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Latin: A Linguistic Introduction

By Renato Oniga and Norma Shifano

Applies the principles of contemporary linguistics to the study of Latin and provides clear explanations of grammatical rules alongside diagrams to illustrate complex structures.


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The Ancient Language, and the Dialect of Cornwall, with an Enlarged Glossary of Cornish Provincial Words

By Frederick W.P. Jago

Containing around 3,700 dialect words from both Cornish and English,, this glossary was published in 1882 by Frederick W. P. Jago (1817–92) in an effort to describe and preserve the dialect as it too declined and it is an invaluable record of a disappearing dialect and way of life.


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Linguistic Bibliography for the Year 2013

The Linguistic Bibliography is by far the most comprehensive bibliographic reference work in the field. This volume contains up-to-date and extensive indexes of names, languages, and subjects.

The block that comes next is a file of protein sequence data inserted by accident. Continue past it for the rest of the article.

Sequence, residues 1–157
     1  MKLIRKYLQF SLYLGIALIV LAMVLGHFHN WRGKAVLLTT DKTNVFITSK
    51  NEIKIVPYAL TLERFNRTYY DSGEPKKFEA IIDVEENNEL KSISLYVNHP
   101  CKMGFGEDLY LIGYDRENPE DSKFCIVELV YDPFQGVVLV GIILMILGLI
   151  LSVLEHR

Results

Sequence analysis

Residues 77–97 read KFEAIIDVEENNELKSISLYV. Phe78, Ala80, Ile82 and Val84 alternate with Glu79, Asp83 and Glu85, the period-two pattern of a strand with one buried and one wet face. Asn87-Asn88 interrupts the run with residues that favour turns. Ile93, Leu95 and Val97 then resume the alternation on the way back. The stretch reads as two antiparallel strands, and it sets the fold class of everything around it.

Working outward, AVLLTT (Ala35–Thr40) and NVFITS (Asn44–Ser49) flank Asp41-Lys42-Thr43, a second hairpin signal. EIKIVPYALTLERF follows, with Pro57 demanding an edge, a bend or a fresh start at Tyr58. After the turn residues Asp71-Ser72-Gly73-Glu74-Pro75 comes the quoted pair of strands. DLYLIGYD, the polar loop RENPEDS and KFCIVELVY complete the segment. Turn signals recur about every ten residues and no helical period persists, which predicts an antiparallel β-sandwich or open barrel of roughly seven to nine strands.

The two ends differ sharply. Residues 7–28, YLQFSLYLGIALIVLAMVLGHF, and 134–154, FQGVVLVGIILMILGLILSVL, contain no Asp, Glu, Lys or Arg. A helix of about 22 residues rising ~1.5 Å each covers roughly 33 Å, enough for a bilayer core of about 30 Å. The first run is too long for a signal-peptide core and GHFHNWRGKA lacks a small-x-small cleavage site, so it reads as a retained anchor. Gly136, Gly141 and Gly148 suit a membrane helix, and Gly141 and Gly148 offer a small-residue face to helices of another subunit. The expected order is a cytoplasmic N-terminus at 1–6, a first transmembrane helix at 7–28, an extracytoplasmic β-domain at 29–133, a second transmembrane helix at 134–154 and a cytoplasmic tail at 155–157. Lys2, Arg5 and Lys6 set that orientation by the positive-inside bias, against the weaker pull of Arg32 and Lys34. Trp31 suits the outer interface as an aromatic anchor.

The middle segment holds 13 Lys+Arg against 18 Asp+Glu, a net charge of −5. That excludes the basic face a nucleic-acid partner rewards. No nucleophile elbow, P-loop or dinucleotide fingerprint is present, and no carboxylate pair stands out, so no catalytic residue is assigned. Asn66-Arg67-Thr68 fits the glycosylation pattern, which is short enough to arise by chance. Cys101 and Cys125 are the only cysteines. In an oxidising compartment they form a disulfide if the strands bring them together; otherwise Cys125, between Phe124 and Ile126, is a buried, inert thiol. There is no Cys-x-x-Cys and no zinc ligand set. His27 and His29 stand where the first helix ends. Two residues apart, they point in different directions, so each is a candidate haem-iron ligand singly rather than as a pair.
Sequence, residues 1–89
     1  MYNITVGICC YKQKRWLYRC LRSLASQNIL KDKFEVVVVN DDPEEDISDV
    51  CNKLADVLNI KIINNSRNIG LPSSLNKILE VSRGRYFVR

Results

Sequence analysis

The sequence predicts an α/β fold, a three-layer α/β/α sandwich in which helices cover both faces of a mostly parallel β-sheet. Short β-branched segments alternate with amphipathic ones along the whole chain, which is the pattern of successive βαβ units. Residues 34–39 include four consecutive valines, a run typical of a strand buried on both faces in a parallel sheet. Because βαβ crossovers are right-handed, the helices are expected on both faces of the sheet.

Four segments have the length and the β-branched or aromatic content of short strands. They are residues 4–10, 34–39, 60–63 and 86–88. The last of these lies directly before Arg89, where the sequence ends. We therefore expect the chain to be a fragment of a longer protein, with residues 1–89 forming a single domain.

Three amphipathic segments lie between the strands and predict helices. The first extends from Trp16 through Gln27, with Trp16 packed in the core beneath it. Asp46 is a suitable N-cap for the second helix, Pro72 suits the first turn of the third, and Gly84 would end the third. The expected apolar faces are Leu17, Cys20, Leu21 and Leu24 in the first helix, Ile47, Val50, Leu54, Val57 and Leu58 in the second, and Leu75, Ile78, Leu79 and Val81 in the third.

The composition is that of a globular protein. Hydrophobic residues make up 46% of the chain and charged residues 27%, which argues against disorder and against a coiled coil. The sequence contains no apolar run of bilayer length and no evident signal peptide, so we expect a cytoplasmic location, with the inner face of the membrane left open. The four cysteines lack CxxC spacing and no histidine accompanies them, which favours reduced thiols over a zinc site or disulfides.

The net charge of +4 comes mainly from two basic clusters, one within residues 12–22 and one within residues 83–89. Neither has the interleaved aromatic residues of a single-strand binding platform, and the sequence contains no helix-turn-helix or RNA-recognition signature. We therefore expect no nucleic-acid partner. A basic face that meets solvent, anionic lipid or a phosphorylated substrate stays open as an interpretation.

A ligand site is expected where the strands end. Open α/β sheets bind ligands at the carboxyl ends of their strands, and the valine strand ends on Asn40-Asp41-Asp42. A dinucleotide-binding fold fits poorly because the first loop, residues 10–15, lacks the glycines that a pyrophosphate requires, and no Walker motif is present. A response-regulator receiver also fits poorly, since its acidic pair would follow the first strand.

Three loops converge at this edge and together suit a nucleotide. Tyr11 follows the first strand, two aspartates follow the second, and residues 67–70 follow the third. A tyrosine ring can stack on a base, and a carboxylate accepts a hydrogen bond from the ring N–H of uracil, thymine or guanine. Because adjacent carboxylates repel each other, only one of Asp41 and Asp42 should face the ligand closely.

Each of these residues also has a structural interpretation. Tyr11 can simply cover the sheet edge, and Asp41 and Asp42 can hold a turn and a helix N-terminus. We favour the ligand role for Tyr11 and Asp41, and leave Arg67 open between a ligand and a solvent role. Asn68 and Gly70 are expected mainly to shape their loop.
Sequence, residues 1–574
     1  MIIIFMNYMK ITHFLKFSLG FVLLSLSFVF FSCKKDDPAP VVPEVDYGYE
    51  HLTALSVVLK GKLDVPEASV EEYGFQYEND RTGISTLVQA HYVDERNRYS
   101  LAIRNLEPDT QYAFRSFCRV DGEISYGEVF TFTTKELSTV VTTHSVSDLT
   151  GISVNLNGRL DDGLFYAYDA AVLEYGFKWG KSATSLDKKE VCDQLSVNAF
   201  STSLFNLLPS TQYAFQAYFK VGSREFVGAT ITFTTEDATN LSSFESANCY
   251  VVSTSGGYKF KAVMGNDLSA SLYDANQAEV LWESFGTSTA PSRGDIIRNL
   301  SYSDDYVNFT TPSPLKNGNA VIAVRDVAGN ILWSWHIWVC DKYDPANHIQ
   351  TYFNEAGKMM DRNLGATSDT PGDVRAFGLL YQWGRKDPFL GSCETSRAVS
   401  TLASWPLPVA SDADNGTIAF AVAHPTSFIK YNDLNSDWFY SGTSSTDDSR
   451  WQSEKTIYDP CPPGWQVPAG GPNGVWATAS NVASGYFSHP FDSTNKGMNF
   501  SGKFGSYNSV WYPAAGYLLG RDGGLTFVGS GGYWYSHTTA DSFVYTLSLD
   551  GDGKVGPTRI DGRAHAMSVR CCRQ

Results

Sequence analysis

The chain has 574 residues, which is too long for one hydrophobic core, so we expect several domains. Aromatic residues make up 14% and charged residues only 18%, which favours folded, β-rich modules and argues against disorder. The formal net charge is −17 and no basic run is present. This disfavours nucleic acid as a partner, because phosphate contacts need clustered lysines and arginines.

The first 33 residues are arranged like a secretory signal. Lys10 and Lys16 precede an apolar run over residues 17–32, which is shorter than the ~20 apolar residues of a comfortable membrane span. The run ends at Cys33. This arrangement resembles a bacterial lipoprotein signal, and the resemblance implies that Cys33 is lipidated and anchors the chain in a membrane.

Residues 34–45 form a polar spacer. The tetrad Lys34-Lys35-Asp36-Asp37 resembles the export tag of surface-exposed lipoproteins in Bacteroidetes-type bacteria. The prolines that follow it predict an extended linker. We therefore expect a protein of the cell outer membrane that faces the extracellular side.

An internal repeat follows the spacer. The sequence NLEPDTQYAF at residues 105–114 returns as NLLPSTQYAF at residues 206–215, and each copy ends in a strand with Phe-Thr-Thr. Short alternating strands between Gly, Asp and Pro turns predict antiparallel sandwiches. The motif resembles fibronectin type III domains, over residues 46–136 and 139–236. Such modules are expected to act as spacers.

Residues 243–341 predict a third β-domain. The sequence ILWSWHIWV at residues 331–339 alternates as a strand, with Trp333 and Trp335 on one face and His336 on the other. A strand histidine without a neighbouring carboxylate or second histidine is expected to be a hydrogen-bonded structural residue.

Academic Paper


Title: “The smuggling of La Francophonie”: Francophone Africans in Anglophone Cape Town (South Africa)
Author: Cecile B Vogouroux
Institution: Simon Fraser University
Linguistic Field: Sociolinguistics
Abstract: Focusing on Black Francophone migrants in Cape Town, it is argued that a locally based Francophone identity has emerged in South Africa that questions the institutional discourse of La Francophonie as the organization of French-speaking states. The new identity has little to do with the organization's ideology of a transnational community of people united by a common language and culture. This is shown by deconstructing the category of (literally ‘smugglers of la Francophonie’ as practice) to which the organization assigns migrants in non-Francophone countries who allegedly spread the French language and Francophone culture. It is argued that the notion of “Francophone” must be grounded empirically and approached in relation to the social environment of the relevant speakers. The post-apartheid South African setting assigns it a meaning different from what it has in Francophone states.

CUP at LINGUIST

This article appears in Language in Society Vol. 37, Issue 3, which you can read on Cambridge's site or on LINGUIST .



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